Formed as a trust, the NRA Civil Rights Defense Fund is a 501 (c) (3) that provides legal assistance in cases that involve the Second Amendment and “the constitutional rights of individuals to keep and bear arms.”  In 2015, the organization reported total revenue of $760,315 which is about $1 million less than the year before.  Expenses were $673,266 (of which $129,095 were grants to organizations and $441,025 were grants to individuals – primarily 40 recipients for legal assistance) leaving $87,049 at year-end to add to the fund balance which had a net fund balance of $5.7 million. This organization appears to be funded based on the legal battles and grants in which the organization participates.

They have 10 voting members (9 are males, 1 is a woman) of the governing party.*

NRA Special Contribution Fund DBA Whittington Center

This 501 (c) (3) is a trust that provides education and training in firearms through the NRA Whittington Center near Raton, New Mexico. The governing party includes 14 members, all of whom are white men.* In 2015, this organization raised $4.4 million primarily from contributions, mineral rights, and program fees at the Whittington Center. They spent $3.6 million (not including depreciation) summarized as follows:

  • $1.4 million:  Salaries, Benefits
  • $1.4 million:  Whittington Center Supplies, Maintenance, Insurance
  • $ .6 million:  Advertising, Promotion, Fundraising
  • $ .2 million:  Office, IT, Travel, Interest, etc.

At year-end 2015, the NRA Special Contribution Fund DBA Whittington Center had $11.4 million.

NRA Political Victory Fund

This organization is a non-profit exempt under Code Section 527 and files an IRS Form 1120-POL which is not made publicly available. However, as reluctant as this organization is to reveal its financial information (I went back and forth with them requesting financial and tax information and they were less than cooperative). Undeterred,  the information can be found on-line through – a website that lists the most recent financial information available (every donor that contributed over $200 and all the recipients).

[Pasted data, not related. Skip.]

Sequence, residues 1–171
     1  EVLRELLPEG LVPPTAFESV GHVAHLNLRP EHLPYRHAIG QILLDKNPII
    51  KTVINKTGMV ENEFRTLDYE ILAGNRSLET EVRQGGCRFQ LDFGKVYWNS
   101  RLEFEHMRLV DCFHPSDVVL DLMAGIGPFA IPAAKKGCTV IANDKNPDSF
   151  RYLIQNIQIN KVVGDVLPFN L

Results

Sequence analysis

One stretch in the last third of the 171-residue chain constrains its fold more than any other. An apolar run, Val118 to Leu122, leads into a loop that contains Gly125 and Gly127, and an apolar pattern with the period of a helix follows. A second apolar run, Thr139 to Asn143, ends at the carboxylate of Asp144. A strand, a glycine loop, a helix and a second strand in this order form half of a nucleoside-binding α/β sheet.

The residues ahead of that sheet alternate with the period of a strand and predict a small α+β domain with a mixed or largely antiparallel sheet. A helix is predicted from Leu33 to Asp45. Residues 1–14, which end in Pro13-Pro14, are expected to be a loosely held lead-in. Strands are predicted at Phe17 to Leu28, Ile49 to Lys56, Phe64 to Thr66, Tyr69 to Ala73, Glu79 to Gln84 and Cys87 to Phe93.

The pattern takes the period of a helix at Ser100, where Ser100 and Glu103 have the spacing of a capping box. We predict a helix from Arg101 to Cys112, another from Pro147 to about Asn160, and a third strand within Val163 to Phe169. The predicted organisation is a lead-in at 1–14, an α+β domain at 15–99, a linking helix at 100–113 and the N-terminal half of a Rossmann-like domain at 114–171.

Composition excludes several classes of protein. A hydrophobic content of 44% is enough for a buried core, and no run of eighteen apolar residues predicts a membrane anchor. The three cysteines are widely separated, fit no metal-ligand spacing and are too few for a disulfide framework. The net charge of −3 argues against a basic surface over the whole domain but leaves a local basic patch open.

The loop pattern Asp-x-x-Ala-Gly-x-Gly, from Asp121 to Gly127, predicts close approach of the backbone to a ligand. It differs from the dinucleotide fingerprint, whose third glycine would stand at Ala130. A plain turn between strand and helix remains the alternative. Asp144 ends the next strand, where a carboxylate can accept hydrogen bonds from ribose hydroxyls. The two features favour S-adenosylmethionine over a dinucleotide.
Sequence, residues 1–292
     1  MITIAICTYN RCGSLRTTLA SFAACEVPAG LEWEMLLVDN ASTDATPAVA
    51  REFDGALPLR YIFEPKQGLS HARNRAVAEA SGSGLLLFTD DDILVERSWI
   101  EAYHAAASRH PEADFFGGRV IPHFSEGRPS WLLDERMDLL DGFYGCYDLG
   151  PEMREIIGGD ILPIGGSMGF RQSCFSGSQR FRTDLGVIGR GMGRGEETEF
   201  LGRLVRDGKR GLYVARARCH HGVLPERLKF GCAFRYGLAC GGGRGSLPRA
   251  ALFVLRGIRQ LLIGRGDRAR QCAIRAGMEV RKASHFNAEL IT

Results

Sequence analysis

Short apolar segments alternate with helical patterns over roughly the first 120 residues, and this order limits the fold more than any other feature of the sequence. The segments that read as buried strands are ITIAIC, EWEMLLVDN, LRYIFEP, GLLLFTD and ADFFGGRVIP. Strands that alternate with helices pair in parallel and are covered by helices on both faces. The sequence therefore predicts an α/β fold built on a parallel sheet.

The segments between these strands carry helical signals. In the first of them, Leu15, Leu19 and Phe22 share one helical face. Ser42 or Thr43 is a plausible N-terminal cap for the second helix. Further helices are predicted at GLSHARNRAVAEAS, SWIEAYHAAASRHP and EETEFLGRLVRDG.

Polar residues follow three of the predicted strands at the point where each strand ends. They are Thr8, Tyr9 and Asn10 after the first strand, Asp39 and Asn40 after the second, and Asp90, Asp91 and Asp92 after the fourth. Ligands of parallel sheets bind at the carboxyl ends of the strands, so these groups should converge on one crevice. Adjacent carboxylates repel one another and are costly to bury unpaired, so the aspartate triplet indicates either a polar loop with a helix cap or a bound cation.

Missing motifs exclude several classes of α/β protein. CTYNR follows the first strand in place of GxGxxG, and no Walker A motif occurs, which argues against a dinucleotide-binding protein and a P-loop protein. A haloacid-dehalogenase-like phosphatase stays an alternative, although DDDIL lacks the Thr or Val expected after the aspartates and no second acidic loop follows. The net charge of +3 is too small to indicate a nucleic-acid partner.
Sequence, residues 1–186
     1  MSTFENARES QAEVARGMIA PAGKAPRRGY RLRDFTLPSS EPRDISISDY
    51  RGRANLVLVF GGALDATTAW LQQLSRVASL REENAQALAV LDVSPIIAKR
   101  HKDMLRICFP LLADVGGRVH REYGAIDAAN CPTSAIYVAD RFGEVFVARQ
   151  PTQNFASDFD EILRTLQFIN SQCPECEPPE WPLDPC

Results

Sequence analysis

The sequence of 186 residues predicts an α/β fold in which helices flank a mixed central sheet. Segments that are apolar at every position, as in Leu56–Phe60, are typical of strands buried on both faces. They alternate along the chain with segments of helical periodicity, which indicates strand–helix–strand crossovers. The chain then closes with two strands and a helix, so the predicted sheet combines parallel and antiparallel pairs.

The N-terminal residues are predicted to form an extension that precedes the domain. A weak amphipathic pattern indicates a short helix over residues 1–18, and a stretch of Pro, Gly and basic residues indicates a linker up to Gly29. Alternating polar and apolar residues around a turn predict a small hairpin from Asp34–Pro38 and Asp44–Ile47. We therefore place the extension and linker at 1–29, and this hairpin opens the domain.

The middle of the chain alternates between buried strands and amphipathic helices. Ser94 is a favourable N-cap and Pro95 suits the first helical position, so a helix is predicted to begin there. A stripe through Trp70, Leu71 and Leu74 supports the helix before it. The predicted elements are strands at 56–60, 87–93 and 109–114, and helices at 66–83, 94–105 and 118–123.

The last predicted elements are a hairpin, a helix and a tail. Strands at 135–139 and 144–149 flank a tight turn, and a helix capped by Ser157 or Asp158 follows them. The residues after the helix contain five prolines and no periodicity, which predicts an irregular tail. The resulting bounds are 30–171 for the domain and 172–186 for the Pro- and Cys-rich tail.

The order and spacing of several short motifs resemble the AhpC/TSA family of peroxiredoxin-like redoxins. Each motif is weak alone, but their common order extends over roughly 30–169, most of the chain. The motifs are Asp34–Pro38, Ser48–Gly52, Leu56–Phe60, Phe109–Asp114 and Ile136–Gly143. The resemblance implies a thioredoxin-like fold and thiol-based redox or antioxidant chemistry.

According to Open Secrets, the NRA Political Victory Fund reported $21.6 million in total revenue in 2016 and spent $22.5 million (with Starboard Strategic – a private lobbying shop firm in Reston, Virginia –  the largest recipient – at $13.4 million), leaving $2.5 million on hand. No debts are reported as of year-end 2016.  98% of their contributions went to Republicans while 2% went to Democrats. Click here to read the financial information , list of donors, and recipients.

In summary, the NRA is primarily the membership non-profit organization that raised more than $335 million in 2015.  Because they are a 501 (c) (4), there are other affiliated organizations that carry out 5 key functions:

  • NRA Foundation, Inc.: makes donations to thousands of organizations involved in firearms
  • NRA Freedom Action Foundation: conducts educational programs (most funds were not spent in 2015)
  • NRA Civil Rights Defense Fund:  provides legal assistance
  • NRA Special Contribution Fund DBA Whittington Center:  provides education and training
  • NRA Political Victory Fund:  makes political contributions to candidates supporting the NRA agenda

*Based on the IRS Form 990 2015